It was World Diabetes Day on Tuesday, and Amore Media, under the aegis of Amore Health, is raising awareness about diabetes and the subtle manner in which this disease is cutting lives short and throwing families and loved ones into anguish and loss.
According to the Ministry of Health, one in every 11 adults has diabetes and up to half of these are not diagnosed.
“Yearly there are five million diabetes and diabetes related deaths and every 10 seconds a limb is amputated due to diabetes,” the Minster of Health, Isaac Adewole says.
“In fact, diabetes is now the most common cause of lower extremity amputation, the first or second commonest cause of end stage renal disease in most centres worldwide and is one of the commonest causes of blindness.”
The illness is not just a disease of the old or elderly; it can and does affect teenagers, children and even newborns.
It is simply a disease condition that results from high blood sugar levels and the body’s (pancreas) inability to produce enough insulin to convert the blood sugars into energy that body cells need – so sugar is NOT the only problem.
There are two major types; the Type 1 or insulin-dependent diabetes which develops when the body’s immune system, due to a condition generally referred to as an auto-immune disease, destroys the insulin-producing cells of the pancreas and prevents the body from making any insulin. People living with this condition therefore require constant shots of insulin to enable the body utilise its blood sugar and maintains it at a healthy level.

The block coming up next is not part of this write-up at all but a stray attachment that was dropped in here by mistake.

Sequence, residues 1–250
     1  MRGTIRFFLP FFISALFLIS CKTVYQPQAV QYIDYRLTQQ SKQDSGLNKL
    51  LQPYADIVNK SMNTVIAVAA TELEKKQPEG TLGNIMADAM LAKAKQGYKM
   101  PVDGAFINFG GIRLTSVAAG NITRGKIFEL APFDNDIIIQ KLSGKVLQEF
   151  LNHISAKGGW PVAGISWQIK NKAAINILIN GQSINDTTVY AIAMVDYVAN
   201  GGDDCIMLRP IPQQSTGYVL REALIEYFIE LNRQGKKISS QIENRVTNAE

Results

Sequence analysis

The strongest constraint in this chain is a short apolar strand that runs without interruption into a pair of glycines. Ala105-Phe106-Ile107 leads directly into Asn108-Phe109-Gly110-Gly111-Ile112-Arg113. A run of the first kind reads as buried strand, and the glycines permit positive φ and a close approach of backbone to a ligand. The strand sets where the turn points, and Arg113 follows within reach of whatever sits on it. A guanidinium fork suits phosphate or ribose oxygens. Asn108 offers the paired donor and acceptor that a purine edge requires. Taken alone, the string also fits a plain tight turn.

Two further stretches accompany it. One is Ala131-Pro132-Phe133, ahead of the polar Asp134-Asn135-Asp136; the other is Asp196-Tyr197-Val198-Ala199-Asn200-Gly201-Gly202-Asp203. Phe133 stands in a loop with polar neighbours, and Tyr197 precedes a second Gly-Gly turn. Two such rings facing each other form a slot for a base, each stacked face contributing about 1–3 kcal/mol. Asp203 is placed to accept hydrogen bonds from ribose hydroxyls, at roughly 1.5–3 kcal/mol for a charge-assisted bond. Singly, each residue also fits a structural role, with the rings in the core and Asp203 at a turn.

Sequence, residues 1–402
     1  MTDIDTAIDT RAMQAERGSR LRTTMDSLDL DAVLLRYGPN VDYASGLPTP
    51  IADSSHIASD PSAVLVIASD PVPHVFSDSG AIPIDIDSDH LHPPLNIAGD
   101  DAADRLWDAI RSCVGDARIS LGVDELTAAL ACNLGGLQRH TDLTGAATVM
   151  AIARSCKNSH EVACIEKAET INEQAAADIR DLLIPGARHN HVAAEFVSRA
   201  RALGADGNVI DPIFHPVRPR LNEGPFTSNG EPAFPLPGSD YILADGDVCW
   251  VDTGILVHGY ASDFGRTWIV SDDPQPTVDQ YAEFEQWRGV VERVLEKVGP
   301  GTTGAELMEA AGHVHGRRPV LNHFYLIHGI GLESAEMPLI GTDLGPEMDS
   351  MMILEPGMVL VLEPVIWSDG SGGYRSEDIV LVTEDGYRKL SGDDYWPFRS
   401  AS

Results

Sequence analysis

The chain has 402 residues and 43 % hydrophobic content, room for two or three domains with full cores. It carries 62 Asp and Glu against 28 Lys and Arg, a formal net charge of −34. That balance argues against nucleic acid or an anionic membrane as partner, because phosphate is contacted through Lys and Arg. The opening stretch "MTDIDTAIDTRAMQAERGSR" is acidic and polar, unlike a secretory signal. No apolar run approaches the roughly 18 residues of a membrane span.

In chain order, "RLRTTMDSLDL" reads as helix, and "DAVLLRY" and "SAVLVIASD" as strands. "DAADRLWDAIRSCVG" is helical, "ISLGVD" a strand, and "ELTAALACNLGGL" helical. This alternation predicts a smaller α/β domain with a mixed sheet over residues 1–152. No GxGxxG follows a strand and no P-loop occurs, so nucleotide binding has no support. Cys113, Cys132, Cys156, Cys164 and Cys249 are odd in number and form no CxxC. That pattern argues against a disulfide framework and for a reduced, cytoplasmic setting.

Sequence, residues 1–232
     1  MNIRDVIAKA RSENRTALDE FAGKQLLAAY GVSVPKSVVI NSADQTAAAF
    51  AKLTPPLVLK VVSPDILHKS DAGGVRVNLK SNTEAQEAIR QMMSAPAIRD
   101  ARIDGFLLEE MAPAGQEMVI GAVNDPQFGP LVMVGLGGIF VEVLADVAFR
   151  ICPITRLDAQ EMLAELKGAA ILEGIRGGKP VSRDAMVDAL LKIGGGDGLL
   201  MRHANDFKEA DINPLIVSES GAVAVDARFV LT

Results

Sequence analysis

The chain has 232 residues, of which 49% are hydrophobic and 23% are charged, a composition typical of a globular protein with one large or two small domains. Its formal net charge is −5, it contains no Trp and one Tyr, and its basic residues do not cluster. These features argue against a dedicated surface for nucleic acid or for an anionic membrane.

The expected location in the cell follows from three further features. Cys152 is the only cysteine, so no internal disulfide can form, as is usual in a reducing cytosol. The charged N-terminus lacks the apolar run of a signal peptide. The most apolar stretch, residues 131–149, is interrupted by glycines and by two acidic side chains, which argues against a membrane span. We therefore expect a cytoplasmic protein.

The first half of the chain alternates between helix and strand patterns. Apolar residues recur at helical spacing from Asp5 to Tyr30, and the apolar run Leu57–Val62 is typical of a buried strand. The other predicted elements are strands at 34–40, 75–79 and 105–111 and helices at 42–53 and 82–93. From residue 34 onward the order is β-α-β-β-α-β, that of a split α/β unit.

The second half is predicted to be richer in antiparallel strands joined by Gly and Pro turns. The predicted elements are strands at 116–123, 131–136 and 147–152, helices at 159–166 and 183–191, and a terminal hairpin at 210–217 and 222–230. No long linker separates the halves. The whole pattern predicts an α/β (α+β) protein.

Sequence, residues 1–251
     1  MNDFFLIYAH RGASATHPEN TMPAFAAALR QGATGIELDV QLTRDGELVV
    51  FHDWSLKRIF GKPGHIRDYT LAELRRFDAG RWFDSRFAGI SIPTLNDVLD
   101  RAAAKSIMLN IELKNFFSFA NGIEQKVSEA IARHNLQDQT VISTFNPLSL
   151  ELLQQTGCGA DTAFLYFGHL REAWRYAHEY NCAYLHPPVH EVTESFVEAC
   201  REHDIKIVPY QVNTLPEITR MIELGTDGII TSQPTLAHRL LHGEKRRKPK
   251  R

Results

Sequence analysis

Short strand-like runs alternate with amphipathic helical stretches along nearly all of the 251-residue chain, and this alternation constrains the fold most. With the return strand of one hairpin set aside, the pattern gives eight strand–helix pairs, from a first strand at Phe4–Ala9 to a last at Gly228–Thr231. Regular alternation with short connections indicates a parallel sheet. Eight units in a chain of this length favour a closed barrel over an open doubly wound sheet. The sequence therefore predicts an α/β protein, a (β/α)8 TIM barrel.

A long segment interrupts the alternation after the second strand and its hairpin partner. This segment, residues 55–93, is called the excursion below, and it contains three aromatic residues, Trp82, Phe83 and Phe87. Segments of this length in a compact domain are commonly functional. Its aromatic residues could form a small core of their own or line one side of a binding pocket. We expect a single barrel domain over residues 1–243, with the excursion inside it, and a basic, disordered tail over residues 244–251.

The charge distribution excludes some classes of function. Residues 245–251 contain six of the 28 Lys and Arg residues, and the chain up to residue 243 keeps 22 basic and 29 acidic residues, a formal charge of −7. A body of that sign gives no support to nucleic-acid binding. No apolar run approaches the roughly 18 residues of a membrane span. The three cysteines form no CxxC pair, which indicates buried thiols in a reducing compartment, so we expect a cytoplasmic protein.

Type 2 is the most prevalent form and occurs when the body is unable to properly make or utilise insulin. You are more likely to develop type 2 if you are 45 or older, have a family history of diabetes, or are overweight.
There are numerous misconceptions about diabetes including the consumption of sweet foods and pastries, the consumption of carbohydrate foods and the causative factors or risk factors that predispose one to the onset of the disease.
And while it is incurable and is very costly to manage, little health pointers will usually be able to prevent more deaths from the condition if people were aware of them.
In a series of social media adapted videos and with a short documentary film, Amore Health seeks to educate the general public of these misconceptions and also highlight that more attention needs to be paid to other such sensitisations to decrease the fatalities resulting from the illness.
Learn a little more below: